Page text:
“Do you expect me to be dating around with this huge belly?”
“Who said anything about dating around? You better not let any man near my child. Don’t try it.” He rubbed his hands. “If you ask me nicely, I will willingly volunteer my services ma’am.”
She ignored the twinkling of his eyes. He started to massage her feet. His hands hiked up her lower legs, sending exhilarating sensations to parts of her that had laid dormant these past months.
“Is the pretty nurse that you are messing with refusing to be serviced?”
“What nurse?” Niyi grinned. “Looks like Femi is telling tales again. I think he heard me telling Andy about the young student that keeps bringing me coffee. He probably didn’t tell you she happens to be my boss’ daughter and she was probably in her mother’s stomach when I was in med school.”
“Keep your hands to yourself then.”
“Are you jealous?” Niyi traced one of her legs with his middle finger, going slightly underneath her nightdress this time.
She cooked up a frown stern enough to stop him from playing with her. Both the physical and mental games. “I’m only worried about your job.”
“Cater to me then.”
“You can’t push me away and expect me to be good.” With one swift movement, he was astride her, holding the edge of the sofa to stop his bulk from resting on her. Her breasts had swelled with pregnancy, pushing firmly against her night dress. He couldn’t wait to take off the transparent fabric and touch her. He couldn’t wait to be inside her. But above all of these, he needed to look into her eyes and make her see how much he wanted her.
“I have missed you.”
She didn’t respond.
“Did you hear me, babe?”
She tried to look away.
“Look at me and tell me you haven’t missed me.”
“Your eyes tell me you have.”
Niyi saw the way her eyes held his and the way her body slid down to fit neatly underneath him. He took that as an invitation to kiss her.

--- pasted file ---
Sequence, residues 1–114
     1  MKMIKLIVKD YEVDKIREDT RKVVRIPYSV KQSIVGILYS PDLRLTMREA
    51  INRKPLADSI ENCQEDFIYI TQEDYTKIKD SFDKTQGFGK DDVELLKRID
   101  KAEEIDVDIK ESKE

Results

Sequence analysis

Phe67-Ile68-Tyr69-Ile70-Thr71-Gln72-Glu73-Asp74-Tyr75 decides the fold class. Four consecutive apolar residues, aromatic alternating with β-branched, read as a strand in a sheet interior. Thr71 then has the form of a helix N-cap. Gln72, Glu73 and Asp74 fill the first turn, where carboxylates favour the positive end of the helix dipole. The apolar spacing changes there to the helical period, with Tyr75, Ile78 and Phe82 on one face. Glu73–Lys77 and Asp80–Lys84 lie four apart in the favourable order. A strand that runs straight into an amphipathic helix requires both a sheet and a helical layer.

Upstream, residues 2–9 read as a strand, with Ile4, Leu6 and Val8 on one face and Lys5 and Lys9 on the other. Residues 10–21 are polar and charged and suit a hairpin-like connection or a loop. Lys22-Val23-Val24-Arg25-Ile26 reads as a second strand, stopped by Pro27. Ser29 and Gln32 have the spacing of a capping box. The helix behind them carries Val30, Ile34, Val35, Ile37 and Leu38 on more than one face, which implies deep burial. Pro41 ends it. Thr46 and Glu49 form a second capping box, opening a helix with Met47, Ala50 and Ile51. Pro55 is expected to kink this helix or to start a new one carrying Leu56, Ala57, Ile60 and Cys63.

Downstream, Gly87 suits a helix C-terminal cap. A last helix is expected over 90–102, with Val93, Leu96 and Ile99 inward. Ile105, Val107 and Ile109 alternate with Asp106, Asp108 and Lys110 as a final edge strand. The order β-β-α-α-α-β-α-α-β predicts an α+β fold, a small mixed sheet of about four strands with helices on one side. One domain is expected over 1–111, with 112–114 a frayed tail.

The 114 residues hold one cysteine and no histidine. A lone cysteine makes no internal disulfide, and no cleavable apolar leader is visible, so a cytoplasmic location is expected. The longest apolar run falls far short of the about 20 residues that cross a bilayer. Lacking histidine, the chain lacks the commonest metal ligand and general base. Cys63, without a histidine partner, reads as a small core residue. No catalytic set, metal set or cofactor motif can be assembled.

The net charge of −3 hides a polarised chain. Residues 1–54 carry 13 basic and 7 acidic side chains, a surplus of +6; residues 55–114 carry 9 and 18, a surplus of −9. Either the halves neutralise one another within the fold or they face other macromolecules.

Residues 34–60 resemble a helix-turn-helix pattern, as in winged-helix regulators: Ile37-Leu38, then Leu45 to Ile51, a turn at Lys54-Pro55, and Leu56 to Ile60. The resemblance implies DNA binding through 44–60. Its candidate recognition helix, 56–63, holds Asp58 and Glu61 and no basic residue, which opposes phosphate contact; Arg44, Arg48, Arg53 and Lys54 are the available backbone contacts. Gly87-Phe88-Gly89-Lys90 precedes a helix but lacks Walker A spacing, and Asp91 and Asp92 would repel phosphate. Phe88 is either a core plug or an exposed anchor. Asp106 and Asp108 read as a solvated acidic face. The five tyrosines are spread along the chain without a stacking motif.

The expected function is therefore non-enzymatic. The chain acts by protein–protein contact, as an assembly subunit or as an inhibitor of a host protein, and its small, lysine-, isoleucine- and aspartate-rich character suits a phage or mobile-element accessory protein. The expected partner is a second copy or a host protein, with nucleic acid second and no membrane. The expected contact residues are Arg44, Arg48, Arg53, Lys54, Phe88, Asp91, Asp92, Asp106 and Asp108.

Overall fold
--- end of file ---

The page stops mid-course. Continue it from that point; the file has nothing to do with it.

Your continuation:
Sade woke up to find herself alone on her bed. The excuse in the note on the pillow next to hers broke her into equal halves.
Sorry. Gone to play golf with Andy.
The note read.
She got out of bed and covered herself with her dressing gown as the reason why she had woken up became clear: gentle knocks coming from the front door. She hurried to the door, hoping it would be him there.
Her smile disappeared and morphed into a polite expression when she opened the door to Andrew.
“Did I wake you?” Andrew asked. He looked immaculate in a tailored baby-blue suit that didn’t look like his golfing kit.
“No Andy. Good morning.” Sade greeted.
The awkward silence between them forced her to say something quickly. “Niyi is on his way to your house.”
“I thought he was here.” Andrew told her. “I’m sure he said you would be at work today.”
Yes, Sade was supposed to go to the surgery to help the practice manager with the filing system but Niyi had persuaded her to send a text to say she couldn’t go in last night.
“Has he finished the baby’s bedroom? I was here yesterday for a while.”
She stepped out of the way and invited Andrew in. Perhaps because his announcement had forced a lump down her throat. Or perhaps because the gel in his air and the gloss on his lips made her uncomfortable. It wouldn’t have mattered if he hadn’t come down to see her man – alone – dressed in a suit that would attract the most heterosexual male.
She told herself off for going down that path again. And as Andrew gushed about the arty wallpapers on the wall and the cuddly toys in the cot, she allowed her shoulders to relax.
“I think you are amazing, you know.” Andrew turned to her, flushed. “The way you have accepted Niyi’s orientation is amazing.”